For example, a service engineer, when servicing a scanner, must first review the data in one user interface and then switch to a separate user interface to edit the data. This requirement of a second and separate user interface to permit the service engineer to change configuration data creates a servicing and/or maintenance process that is arduous, time consuming, and error prone.
The process of changing the configuration data can be arduous because the service must switch repeatedly between the “viewing” interface and the “editing” interface. Furthermore, by requiring a separate user interface for editing configuration data, the service engineer is effectively tethered to the system. That is, while the “viewing” interface is typically displayable in a web browser and therefore, can easily be made accessible remotely, the “editing” interface is not as readily accessible from remote locations. That is, while the “viewing” web browser interface is readily compliant with internet compatibility standards, the “editing” interface is not necessarily compliant with those standards. Therefore, the service engineer is effectively tethered by the “editing” interface to a local proximity of the medical imaging device being serviced.
Additionally, the process of changing the configuration data is susceptible to error because the imposition of a second and separate interface for editing configuration parameters raises the probability of human error. For example, the service engineer is more likely to enter erroneous configurations or enter the correct configuration in an incorrect area when switching from the review interface to the separate edit interface. Errors in configuration data can cause the medical imaging device being serviced to operate improperly or not at all. In such a case, a second servicing is typically required to remedy the configuration error. These repetitive service calls can be extremely costly in both time and resources. In addition, the servicing downtime for the medical imaging scanner can be an impediment to the efficient and effective practice of medicine.
It would therefore be desirable to have a system and method capable of dynamically generating a single user interface for display and entry of medical imaging configuration parameters.
The present invention provides a system and method of dynamically generating a single user interface for the display and entry of medical imaging configuration parameters that overcomes the aforementioned drawbacks. Specifically, the invention is directed to a system to gather the necessary configuration parameters from various subsystems of a medical imaging system and dynamically generate a single web-based user interface that displays the configuration parameters and allows the parameters to be edited.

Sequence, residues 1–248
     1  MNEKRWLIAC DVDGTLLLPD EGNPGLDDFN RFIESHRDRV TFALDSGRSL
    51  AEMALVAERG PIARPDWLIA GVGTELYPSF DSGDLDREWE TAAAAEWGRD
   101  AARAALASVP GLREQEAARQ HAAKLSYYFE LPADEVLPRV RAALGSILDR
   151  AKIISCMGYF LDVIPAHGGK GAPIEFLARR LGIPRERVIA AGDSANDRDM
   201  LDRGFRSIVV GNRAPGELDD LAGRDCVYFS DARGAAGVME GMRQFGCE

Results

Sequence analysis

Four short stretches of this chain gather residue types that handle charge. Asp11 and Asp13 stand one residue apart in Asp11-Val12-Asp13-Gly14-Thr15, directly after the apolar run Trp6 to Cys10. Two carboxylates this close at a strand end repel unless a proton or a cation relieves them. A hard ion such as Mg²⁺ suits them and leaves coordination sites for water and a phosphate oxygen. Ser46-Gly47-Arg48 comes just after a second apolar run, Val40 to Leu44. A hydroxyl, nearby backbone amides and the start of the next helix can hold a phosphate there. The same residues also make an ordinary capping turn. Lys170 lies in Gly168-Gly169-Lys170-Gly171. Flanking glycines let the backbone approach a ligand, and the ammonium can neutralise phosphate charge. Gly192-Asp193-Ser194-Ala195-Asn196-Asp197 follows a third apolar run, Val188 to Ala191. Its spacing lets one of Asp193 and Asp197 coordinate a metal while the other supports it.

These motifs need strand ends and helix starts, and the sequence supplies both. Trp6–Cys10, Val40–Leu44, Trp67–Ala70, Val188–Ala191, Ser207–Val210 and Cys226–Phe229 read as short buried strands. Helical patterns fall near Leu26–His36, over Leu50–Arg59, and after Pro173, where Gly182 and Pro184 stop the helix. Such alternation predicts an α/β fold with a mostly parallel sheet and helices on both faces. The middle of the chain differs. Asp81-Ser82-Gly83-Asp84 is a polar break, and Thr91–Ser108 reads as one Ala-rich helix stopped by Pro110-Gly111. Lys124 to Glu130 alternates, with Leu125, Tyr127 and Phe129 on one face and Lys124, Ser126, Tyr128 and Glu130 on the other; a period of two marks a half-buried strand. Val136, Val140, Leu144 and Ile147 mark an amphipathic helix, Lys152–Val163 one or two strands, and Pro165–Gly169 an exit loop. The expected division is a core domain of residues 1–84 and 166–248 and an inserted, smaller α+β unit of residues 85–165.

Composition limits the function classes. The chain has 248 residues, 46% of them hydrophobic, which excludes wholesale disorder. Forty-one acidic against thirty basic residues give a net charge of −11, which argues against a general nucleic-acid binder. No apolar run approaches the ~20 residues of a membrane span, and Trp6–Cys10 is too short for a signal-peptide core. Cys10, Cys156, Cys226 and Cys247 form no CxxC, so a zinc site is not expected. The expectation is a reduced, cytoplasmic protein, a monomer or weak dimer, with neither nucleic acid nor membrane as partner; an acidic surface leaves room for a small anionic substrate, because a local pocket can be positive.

In accordance with one aspect of the invention, a system of dynamically generating an interface is disclosed that has a hierarchical organizational data file defining a hierarchical organization of subsystems of a medical imaging device and at least one parsing component to extract configuration parameter names from the data file and generate a graphical representation of the hierarchical organization of the medical imaging device. A configuration servlet is provided to extract configuration parameters of the medical imaging device, associate the configuration parameters with the graphical representation of the hierarchical organization, and display the configuration parameters and graphical representation of the organization in a single user interface wherein the configuration parameters can be reviewed and edited in the single user interface.
In accordance with another aspect of the invention, a method of dynamically generating an interface is disclosed that includes defining a hierarchical organization of subsystems of a medical imaging device in a hierarchical organization data file, extracting configuration parameter names from the data file, and extracting configuration parameters of the medical imaging device. The method further includes generating a graphical representation of the hierarchical organization of the medical imaging device, associating the configuration parameters with the graphical representation of the hierarchical organization, and displaying the configuration parameters and the graphical representation of the hierarchical organization in a single user interface. In this regard, the configuration parameters can be reviewed and edited in the single user interface.
In accordance with yet another aspect of the invention, a medical imaging scanner is disclosed that includes a plurality of subsystems as well as a computer programmed to define a hierarchical organization of subsystems of a medical imaging device in a hierarchical organization data file wherein sections map to subsystems of the medical imaging scanner and subsections map to sub-subsections of the medical imaging scanner. The computer is also programmed to extract configuration parameter names from the data file, extract configuration parameters of the medical imaging device, and generate a graphical representation of the hierarchical organization of the medical imaging device. The computer then associates the configuration parameters with the graphical representation of the hierarchical organization and displays the configuration parameters and the graphical representation of the hierarchical organization in a single user interface thereby allowing the configuration parameters to be reviewed and edited in the single user interface.